ATP-activated decrosslinking and charge-reversal vectors for siRNA delivery and cancer therapy

Zhanwei Zhou, Qingyan Zhang, Minghua Zhang, Huipeng Li, Gang Chen, Chenggen Qian, David Oupicky, Minjie Sun

Research output: Contribution to journalArticlepeer-review

38 Scopus citations


Stimuli-responsive polycations have been developed for improved nucleic acid transfection and enhanced therapeutic efficacy. The most reported mechanisms for controlled release of siRNA are based on polyelectrolyte exchange reactions in the cytoplasm and the degradation of polycations initiated by specific triggers. However, the degradation strategy has not always been sufficient due to unsatisfactory kinetics and binding of cationic fragments to siRNA, which limits the gene silencing effect. In this study, a new strategy that combines degradation and charge reversal is proposed. Methods: We prepared a polycation (CrossPPA) by crosslinking of phenylboronic acid (PBA)-grafted 1.8k PEI with alginate. It was compared with 25k PEI, 1.8k PEI and 1.8k PEI-PBA on siRNA encapsulation, ATP-responsive behavior and mechanism, cytotoxicity, cell uptake, siRNA transfection, in vivo biodistribution and in vivo anti-tumor efficacy. The in vitro and in vivo experiments were performed on 4T1 murine breast cancer cells and 4T1 tumor model separately. Results: The crosslinking strategy obviously improve the siRNA loading ability of 1.8k PEI. We validated that intracellular levels of ATP could trigger CrossPPA disassembly and charge reversal, which resulted in efficient and rapid siRNA release due to electrostatic repulsion. Besides, CrossPPA/siRNA showed strong cell uptake in 4T1 cells compared with 1.8k PEI/siRNA. Notably, the cytotoxicity of CrossPPA was pretty low, which was owing to its biodegradability. Furthermore, the crosslinked polyplexes significantly enhanced siRNA transfection and improved tumor accumulation. The high gene silencing ability of CrossPPA polyplex led to strong anti-tumor efficacy when using Bcl2-targeted siRNA. Conclusion: These results indicated that the ATP-triggered disassembly and charge reversal strategy provided a new way for developing stimuli-responsive siRNA carriers and showed potential for nucleic acid delivery in the treatment of cancer.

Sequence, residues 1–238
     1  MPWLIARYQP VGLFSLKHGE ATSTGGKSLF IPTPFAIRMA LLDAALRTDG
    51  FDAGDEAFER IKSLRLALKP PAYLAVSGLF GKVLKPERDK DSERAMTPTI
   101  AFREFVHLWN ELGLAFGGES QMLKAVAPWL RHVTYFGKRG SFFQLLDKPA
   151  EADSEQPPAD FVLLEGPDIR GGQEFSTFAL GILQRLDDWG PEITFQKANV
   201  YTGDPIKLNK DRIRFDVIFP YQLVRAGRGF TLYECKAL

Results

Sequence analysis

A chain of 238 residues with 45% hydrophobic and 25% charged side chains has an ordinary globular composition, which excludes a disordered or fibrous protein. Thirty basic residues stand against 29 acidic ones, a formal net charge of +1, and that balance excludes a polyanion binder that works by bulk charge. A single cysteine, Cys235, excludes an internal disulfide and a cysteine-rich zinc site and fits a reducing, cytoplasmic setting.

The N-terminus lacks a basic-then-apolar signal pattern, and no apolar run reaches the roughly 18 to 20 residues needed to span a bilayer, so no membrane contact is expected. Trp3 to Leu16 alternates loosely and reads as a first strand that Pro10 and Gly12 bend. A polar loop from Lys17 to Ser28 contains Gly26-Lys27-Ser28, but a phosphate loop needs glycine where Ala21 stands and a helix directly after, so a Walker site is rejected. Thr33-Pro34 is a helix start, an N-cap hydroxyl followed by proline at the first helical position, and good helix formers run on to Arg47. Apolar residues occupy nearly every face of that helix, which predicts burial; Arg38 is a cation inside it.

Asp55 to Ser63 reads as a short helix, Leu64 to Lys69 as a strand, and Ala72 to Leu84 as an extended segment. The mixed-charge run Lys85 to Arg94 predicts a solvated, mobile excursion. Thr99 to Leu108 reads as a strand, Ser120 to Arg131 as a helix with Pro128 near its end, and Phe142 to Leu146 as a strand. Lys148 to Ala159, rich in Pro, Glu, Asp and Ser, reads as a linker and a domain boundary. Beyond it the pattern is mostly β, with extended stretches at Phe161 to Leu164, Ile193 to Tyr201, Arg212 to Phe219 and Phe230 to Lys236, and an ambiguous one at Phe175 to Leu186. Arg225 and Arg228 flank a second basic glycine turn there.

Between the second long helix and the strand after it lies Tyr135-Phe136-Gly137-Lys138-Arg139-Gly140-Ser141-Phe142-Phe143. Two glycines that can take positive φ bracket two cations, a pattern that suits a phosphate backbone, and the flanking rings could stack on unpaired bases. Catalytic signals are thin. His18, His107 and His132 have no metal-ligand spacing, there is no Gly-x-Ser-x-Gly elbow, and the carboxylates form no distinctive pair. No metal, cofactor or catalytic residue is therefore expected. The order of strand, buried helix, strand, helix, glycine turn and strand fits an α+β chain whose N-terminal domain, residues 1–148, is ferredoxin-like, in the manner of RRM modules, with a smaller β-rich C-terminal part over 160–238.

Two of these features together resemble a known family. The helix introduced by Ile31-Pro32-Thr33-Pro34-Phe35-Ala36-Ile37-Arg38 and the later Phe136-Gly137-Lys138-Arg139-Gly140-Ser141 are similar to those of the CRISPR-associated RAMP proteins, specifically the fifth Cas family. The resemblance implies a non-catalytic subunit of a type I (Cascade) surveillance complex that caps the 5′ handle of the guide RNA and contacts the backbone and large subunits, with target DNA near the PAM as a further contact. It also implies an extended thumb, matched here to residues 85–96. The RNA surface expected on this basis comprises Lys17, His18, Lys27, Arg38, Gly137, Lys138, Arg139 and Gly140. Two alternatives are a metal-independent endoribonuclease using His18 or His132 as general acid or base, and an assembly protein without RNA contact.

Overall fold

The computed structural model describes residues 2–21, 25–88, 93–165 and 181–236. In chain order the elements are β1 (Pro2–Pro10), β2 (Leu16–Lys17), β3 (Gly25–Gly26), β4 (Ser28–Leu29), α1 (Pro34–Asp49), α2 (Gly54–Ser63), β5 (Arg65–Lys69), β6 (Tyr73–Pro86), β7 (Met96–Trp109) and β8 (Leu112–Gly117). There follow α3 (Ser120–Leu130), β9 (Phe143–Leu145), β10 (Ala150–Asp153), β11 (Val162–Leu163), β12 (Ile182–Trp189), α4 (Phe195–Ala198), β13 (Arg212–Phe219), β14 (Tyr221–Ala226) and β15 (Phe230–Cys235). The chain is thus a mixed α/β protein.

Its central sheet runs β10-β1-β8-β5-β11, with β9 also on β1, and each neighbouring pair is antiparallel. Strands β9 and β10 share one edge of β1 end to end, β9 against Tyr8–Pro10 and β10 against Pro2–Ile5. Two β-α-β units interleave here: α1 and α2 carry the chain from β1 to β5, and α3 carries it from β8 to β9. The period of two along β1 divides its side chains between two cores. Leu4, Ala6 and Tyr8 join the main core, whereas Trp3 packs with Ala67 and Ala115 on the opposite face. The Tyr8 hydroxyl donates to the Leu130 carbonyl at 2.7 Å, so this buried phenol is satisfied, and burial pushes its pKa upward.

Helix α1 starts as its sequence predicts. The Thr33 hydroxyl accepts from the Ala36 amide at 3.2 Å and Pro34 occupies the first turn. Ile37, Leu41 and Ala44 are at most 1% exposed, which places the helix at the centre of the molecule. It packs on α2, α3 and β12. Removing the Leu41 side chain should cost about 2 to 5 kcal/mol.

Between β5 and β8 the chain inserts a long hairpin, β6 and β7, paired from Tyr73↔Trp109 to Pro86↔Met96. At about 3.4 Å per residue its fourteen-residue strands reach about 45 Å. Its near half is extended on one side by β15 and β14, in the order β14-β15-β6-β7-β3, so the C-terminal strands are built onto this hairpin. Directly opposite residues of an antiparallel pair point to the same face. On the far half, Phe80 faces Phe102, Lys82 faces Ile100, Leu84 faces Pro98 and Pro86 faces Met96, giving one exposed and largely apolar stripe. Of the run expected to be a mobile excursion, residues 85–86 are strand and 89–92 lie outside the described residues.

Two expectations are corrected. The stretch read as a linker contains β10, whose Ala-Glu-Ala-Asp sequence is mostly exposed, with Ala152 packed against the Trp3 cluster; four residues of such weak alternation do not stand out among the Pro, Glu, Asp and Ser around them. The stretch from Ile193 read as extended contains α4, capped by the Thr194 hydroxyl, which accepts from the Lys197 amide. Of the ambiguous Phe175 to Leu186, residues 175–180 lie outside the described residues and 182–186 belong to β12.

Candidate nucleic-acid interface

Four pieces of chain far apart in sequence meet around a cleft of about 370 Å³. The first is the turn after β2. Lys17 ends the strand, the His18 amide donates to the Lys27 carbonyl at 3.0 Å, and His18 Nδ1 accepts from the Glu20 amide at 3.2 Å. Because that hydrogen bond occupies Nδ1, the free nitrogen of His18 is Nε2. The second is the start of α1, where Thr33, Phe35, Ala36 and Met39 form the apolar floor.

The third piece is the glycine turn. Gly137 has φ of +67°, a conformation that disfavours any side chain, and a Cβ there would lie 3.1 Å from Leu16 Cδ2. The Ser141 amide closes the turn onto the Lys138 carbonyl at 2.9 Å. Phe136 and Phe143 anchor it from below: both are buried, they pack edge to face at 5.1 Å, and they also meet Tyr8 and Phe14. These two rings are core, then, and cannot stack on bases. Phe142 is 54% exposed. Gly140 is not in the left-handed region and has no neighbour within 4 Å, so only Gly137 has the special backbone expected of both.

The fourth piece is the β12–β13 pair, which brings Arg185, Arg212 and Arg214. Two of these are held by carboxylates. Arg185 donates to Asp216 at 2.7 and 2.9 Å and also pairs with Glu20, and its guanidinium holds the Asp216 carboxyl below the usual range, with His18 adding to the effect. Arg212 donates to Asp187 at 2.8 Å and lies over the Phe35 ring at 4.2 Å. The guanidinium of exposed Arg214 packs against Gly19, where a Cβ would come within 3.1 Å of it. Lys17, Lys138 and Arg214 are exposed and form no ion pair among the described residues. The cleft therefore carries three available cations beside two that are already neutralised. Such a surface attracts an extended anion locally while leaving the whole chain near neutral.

Original languageEnglish (US)
Pages (from-to)4604-4619
Number of pages16
Issue number17
StatePublished - 2018


  • ATP-responsive
  • Cancer therapy
  • Charge reversal
  • Phenylboronic acid
  • SiRNA delivery

ASJC Scopus subject areas

  • Medicine (miscellaneous)
  • Pharmacology, Toxicology and Pharmaceutics (miscellaneous)


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